Elks to Be in Charge of Celebra
tion at Roseburg Today.
ROSEBURG, ' Or.. May 26. (Spe
cial.) Elks will be In charge of open
ing day -Vfor the Douglas country
strawberry carnival tomorrow and
elaborate preparations have been
made to stage a parade and amuse
ments that will put the carnivl' over
the top in the beginning.
All business places will close their
doors for two hours, from 2 to 4, and
everybody will join in the festivities.
Members of the Elks' lodge from all
outlying parts of the county besides
lodges at other places have been
urged to be on hmand tomorrow and
among other attractions is a chicken
stigma on the American navy. I will
carry my protest to the full naval
affairs committee If necessary.
Chairman Hale said he would other
wise designate the columns marked
"fit to fight" and "unfit to fight
and then put the compilation in the
record. Secretary Daniels demanded
that the senator take the stand as
a witness and take the oath before
submitting evidence. This the chair
man refused to do, and Mr. Daniels
then demanded that the person who
made the compilation be sworn as
witness. Again he was overruled.
IMttman Makes Protest.
Senator Pittman at this point pro
tested against the tabulation going
into the record and left the room
after the chairman had announced he
would not yield in bis stand.
Secretary Daniels thereupon mad
a point of no quorum. Chairman
Hale polled the committee. He an
Senator Keyes, republican, New
Hampshire, voted and the chairman
announced that he was authorized to
cast the vote of Senator Ball, re
publican. Delaware. The tabulation
then went into the record without
further words.
The remainder of the session was
devoted to a discussion of technical
details of navy's co-operation in the
war and a 'long debate between the
chairman and the secretary regarding
the contribution of the North Sea
mine barrage, an American project,
toward ending the submarine cam
paign. Mr. Daniels characterized the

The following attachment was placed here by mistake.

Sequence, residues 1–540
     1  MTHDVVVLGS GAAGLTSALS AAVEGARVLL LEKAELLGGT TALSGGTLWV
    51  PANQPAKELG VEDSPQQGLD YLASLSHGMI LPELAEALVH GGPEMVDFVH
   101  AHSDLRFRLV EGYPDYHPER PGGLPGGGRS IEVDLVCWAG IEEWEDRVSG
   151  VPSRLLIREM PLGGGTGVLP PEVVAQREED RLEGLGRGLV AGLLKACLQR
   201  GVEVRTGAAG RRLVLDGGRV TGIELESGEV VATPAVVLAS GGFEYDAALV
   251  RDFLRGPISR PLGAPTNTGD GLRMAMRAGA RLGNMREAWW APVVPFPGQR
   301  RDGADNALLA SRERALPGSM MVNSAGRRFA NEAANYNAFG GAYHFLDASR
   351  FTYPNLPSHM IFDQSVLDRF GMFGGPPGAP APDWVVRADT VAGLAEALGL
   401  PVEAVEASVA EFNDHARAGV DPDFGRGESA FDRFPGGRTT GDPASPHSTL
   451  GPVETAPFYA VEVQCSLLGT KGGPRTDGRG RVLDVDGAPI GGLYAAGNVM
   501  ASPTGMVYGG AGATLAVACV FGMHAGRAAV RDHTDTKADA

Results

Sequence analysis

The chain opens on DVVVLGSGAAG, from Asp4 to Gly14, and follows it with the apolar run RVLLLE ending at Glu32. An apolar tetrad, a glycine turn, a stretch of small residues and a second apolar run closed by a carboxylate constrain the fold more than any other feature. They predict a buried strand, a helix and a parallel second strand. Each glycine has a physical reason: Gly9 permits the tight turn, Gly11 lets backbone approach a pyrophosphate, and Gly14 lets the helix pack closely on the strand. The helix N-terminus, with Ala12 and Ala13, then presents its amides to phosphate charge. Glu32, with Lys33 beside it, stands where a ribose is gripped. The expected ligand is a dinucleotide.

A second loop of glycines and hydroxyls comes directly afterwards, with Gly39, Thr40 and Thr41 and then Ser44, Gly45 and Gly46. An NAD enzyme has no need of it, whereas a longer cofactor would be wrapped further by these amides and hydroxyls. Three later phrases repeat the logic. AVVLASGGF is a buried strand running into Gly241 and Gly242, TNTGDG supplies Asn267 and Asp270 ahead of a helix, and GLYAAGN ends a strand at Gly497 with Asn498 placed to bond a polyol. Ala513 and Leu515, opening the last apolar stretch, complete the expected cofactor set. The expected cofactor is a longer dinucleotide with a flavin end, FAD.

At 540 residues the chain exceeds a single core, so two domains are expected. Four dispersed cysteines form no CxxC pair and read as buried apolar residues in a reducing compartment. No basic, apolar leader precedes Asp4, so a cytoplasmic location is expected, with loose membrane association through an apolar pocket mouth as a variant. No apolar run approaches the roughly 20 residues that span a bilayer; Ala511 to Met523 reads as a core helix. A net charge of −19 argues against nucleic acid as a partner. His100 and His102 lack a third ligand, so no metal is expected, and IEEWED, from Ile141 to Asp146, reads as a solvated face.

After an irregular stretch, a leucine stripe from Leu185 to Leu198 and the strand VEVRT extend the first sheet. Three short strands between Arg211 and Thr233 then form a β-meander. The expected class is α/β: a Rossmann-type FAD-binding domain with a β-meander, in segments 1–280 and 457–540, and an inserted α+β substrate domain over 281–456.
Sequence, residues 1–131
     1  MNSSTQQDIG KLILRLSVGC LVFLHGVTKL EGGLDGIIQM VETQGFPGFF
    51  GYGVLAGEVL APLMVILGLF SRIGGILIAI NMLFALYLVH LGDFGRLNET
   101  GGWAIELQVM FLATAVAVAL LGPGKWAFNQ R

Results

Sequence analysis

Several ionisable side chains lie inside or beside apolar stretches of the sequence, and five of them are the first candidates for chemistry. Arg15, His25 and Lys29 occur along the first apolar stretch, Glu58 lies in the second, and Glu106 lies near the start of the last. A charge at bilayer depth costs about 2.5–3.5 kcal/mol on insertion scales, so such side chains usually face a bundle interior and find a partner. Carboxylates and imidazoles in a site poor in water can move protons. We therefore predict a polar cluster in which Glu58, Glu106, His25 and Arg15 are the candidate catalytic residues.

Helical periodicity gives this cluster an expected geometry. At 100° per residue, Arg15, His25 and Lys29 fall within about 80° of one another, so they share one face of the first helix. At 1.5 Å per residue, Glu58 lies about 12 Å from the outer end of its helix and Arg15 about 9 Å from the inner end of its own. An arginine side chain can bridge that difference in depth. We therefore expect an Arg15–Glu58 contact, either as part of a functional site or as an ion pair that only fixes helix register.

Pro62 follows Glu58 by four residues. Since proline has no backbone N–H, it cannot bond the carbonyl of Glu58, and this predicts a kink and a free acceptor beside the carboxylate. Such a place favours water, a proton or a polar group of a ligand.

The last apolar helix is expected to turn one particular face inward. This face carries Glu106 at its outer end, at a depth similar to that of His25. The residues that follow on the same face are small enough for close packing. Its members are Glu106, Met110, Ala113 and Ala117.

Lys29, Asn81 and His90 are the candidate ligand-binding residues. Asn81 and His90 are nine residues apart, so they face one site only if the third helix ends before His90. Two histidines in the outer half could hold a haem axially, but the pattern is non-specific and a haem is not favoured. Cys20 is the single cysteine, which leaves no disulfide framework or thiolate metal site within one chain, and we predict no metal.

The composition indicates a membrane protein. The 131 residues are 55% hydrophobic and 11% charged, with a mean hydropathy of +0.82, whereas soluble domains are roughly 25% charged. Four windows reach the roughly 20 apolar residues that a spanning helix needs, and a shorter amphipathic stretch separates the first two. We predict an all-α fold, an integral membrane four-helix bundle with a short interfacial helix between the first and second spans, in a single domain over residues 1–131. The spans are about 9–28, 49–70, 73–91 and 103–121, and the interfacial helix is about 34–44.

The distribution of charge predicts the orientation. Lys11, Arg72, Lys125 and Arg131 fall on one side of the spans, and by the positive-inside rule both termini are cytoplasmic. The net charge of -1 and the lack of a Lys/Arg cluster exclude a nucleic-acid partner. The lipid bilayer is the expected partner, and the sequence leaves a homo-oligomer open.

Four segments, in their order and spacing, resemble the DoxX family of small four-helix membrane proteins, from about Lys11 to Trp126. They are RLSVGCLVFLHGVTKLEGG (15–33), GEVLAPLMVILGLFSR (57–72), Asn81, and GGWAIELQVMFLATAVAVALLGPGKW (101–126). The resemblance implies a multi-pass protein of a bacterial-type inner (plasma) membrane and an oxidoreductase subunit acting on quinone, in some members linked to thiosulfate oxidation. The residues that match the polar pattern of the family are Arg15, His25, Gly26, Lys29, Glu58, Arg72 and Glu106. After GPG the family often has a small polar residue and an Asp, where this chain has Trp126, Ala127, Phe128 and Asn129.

barrage as the navy's greatest con
tribution toward defeating the U-boat
campaign, while Senator Hale sought
to show that the project had actually
little influence on ending the war.
Baby Specialists.
rJHAT there are Physicians wno specialize on Infant ailments you faiow. All,
Physicians understand Infant troubles: all Physicians treat them. It is his.
profession, his duty, to know human ills from the Stork to the Great Beyond.
But in serious cases he calls in the Specialist Why? He knows as every;
Mother knows, or ought to know, that-Baby isjust a baby needing special treat-;
ment, special remedies.
Can a Mother be less thoughtful? Can a Mother try to relieve Baby with'
a remedy that she would use for herself ? Ask yourself; and answer honestly!
Always remember that Baby is just a baby. And remembering tms you
will remember that Fletcher's Castoria -is made especially for Infants and
Rosarian Club Gets Charter.
- PENTLE"tOX, Or., May 26. (Spe
cial.) Formal presentation of the
Disinfect Regularly
Prevent Contagious
Only by regular disinfection can you
successfully fight the deadly invisible dis
ease germs that continually assail your
health. Carelessness and indifference lo
the existence of germ life invite conta
gious diseases.
Attention to sanitation and cleanliness
makes impossible the creation and spread
of disease germs.
Lysol Disinfectant. at the moment of appli
cation kills all germ life, of prevents its creation.
At the office: Order Lysol Disinfectant used
regularly in cuspidors, toilet-rooms, dark cor
ners, on floors, rugs and all surfaces.
In the home: Have a solution of Lysol Dis- .
infectant sprinkled regularly in sinks, drains,
toilets, garbage cans.
A 50c bottle makes five gallons of powerful
disinfectant; a 2oc bottle makes two gallons.
Remember, there is but one genuine Lysol
Disinfectant made, bottled, signed, and sealed
by Lehn & Fink, Inc.
Lysol Toilet Soap
25c a Cake
Contain, the BKSsry proportion
Lysol Shaving Cream
In Tubes
Contain, the m Liaaary proportion